A pop video with controversial lyrics mocking the oppressive laws against women in Saudi Arabia and even asking God to get rid of men, has gone viral and split opinion in the region.

The video for the song, titled Hwages, which roughly translates as Concerns in English, has already been viewed more than two and a half million times on YouTube within a week of being posted.

The track, written by Saudi producer Majed Alesa, kicks off with a very young boy driving a car full of women, mocking the law that bans women from driving in the Gulf state.

The female singers are then seen riding around in bumper cars, using children's bicycles, roller blades and scooters, as men are shown dancing in front of their cars and aircraft.

The female singers featured in the video are all dressed in the full Islamic face veil, such as the Burqa and Niqab, in line with the protocol of the country.

The lyrics of the song however play a different tune, mocking the restrictions placed on women. The song features women singing the line: "If only God would rid us of men."

It does not stop there. The lyrics go further. "May men go extinct, they cause us to have mental illnesses," referring to the lyrics of a 2014 protest song in Saudi Arabia. "May they all go crazy, they seem to be possessed," it adds.

The women in the pop video are also shown playing basketball and bringing down bowling pins featuring male faces. US president-elect Donald Trump is also ridiculed after he was accused of sexually harassing women during his US presidential campaign.

The video, which highlights the patriarchal laws in the Gulf state, has split opinion. While hundreds took to Twitter to praise the video for helping to empower Saudi women and "feminist campaigns all around the world," many male viewers expressed outrage.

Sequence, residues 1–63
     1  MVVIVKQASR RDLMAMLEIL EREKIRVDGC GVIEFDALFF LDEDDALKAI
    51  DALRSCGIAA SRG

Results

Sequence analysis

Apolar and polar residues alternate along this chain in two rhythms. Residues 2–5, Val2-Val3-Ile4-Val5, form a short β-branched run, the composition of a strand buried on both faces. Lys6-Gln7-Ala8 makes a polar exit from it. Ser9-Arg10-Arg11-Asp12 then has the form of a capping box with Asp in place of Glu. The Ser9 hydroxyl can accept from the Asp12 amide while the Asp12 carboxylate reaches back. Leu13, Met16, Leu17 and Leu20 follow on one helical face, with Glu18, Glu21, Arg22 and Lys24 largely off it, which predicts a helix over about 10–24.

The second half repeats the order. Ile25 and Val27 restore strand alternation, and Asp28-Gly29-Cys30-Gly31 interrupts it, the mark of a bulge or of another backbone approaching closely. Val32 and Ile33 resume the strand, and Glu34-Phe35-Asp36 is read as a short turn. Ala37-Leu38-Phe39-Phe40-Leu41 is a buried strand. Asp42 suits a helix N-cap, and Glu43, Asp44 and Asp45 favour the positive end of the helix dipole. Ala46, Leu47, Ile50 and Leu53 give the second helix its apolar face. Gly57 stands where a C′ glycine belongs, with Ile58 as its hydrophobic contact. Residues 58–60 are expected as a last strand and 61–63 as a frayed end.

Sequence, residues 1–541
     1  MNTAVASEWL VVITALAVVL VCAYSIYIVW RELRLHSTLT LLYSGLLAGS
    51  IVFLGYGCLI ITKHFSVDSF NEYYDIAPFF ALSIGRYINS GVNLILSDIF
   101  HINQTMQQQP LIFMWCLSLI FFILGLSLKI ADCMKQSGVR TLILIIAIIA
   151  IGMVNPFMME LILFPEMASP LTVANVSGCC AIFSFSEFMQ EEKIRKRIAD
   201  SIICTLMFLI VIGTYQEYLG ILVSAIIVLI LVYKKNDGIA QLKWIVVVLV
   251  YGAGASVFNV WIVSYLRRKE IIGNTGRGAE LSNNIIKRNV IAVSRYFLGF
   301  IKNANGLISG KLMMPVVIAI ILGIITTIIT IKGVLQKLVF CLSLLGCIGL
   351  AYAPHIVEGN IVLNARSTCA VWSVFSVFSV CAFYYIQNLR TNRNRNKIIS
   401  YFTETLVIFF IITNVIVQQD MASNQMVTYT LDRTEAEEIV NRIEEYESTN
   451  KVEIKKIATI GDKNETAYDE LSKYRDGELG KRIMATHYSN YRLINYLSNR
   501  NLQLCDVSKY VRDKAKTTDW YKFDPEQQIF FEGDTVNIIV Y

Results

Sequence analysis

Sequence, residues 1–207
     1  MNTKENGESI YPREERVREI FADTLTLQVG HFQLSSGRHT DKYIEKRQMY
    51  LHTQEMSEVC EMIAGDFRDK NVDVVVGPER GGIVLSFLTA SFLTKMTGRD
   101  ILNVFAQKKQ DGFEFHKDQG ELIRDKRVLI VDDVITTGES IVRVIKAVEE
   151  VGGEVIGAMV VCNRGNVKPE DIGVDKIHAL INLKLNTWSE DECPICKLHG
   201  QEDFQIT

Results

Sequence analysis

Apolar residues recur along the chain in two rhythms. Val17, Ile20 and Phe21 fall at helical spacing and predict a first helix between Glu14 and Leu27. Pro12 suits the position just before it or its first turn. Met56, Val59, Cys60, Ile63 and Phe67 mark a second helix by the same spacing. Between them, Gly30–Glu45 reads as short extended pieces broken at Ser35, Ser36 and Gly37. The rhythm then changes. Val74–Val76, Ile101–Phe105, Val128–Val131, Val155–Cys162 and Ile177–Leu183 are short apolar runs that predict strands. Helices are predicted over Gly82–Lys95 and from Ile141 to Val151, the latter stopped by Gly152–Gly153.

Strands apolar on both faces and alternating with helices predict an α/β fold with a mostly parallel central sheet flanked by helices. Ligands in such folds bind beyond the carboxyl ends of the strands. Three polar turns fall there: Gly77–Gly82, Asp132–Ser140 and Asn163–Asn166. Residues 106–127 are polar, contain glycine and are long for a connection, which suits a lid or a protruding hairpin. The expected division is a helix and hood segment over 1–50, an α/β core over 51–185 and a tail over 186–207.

A male citizen, Hassan al-Ghamdi tweeted: "The director offends the Muslim women in our country. Where are our preachers to deny this?"

Another man known only as Majid said the video was "cheap and extremely inappropriate," while a third person said it was "disgusting."

The late King Abdullah, gave women the right to vote in 2011 but any moves to further push for reforms to give women further rights were thwarted by the country's clerics and political figures.

In November 2016, its Shura Council, which advises the cabinet and the King, voted against discussing the driving ban on women.

Imams, who are ultra-conservative, and hold immense power, have maintained that removing the male guardianship scheme or the female driving ban would only serve to encourage immoral behaviour in women.